Rockstar or Athlete?
That was the question I was asking myself on the start line of the 2015 edition of the Goat Tongariro, a race which the organisers love to say is "17km worth of hope, and 4km worth of truth."
The reason for asking this, was due to finding that gem of a slogan on a t-shirt at the Kilbirne Salvation Army shop previous to our departure north. It was decided by our travel party that first of us across the line would get to wear said shirt at the 'ugly shirt/sweater' afterparty the event was holding after the race. With an addition to simple bragging rights, now things were getting serious!
The day of the race dawned with the mountain completely covered in cloud when viewed from the chalet window, and the forecast was for some rain and strong winds. I was positive that they were going to make us run in warm gear, so I made my first mistake of the day by putting on a short sleeve polyprop top, and leaving my lightweight, quick-dry shirts in my room.
The reality of the what the weather was going to be like however was quite different, as the bus that ferried us to the start line broke through the cloud halfway up the bruce road, it turned out that the course was going to be soaked in sun and have very light winds. Truth be told, I was much happier to be running in slightly warmer gear in better weather than slightly warmer gear in shite weather, so I just dealt with the situation.
For the next hour and a bit after getting dropped off, I was in the middle of the golden pre-race period. Call me strange, but I love this time before a race, where you do everything including; a lot of people watching, taking a few selfies, tending to your nervous excretions in the portaloos, finding people you may or may not know and chatting to them about the impending pain, and a lot of contemplation about how you got here and what is to come in the next few hours.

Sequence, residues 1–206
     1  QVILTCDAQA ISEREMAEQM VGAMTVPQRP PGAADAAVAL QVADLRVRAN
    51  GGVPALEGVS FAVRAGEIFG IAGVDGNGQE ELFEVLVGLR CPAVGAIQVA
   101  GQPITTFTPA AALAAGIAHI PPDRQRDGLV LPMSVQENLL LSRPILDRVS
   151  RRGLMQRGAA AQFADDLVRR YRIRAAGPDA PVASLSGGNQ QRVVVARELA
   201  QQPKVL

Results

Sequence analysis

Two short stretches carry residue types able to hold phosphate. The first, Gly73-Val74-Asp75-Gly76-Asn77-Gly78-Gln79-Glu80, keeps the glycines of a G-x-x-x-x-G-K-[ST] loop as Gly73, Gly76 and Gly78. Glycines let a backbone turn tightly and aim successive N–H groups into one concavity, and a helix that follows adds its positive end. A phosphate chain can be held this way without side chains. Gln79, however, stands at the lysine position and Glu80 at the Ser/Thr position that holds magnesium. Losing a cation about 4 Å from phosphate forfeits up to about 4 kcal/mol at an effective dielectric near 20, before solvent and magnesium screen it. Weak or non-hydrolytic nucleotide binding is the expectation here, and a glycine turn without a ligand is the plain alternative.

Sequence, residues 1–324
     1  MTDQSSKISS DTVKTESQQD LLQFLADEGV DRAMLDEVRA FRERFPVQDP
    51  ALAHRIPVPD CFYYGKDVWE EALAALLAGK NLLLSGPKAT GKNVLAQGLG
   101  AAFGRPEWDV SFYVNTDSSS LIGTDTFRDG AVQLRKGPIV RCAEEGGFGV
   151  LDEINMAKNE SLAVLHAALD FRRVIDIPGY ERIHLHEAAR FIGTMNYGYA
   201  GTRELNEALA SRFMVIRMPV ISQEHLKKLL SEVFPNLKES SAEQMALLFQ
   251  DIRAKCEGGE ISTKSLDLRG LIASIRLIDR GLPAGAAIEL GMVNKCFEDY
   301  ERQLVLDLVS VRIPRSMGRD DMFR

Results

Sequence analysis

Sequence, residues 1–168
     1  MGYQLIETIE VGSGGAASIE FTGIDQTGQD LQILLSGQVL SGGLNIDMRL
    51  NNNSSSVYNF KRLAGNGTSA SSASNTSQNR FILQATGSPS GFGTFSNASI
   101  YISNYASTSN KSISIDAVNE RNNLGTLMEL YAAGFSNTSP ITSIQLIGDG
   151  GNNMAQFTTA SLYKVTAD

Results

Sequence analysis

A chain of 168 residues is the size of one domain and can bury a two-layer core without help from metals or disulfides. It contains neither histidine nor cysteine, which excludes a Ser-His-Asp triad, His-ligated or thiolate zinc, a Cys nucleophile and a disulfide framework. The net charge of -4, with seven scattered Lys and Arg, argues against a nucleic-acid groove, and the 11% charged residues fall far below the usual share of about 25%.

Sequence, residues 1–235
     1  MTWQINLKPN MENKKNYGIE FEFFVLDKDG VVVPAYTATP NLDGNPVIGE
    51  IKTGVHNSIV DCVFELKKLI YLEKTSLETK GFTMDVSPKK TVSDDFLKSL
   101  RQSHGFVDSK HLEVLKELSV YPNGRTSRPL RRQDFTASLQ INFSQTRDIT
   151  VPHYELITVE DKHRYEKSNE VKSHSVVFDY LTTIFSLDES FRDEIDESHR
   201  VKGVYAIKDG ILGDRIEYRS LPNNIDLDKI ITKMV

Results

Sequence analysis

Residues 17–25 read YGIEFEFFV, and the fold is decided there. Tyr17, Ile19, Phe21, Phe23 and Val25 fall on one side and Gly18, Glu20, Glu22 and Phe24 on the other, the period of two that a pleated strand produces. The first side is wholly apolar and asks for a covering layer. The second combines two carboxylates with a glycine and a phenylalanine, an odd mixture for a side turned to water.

And then it was time for the first wave, my wave, to go. As I stood in the holding pen with the other wave 1 competitors, including good friend of mine, Fraser Mills, I know I was beaming. I was feeling so amped about starting a race that had been in my thoughts so damn much recently, I just wanted to get out there and do it.
The horn went, and we were off! Over the timing mat, through the gate and down the Bruce Road.
I would consider the pace I was running 'tempered', purposely held back to just on or under 4min/k because I knew I had a tendency to get a bit excited early on. Of course there were a bunch that put on a big stride and by the time we hit the trail, I was about 40 runners back, with the leaders a good 500m in front.
The next 3kms, as planned, was were where I made a few of moves overtaking people who suddenly slowed up on the technical terrain. Leading into the first climb, I was feeling pretty good, but also could feel the heart rate getting up there as the gradient pinched a little.
As I reached the top of the climb, I looked to my right and noticed Fraser alongside me, I was both stoked and surprised! For some reason I'd thought I was well ahead of him after the road section, and that I must have slowed down up the first climb enough for him to catch me, but after the race Fraser explained he was sitting on my heels the whole time up until then.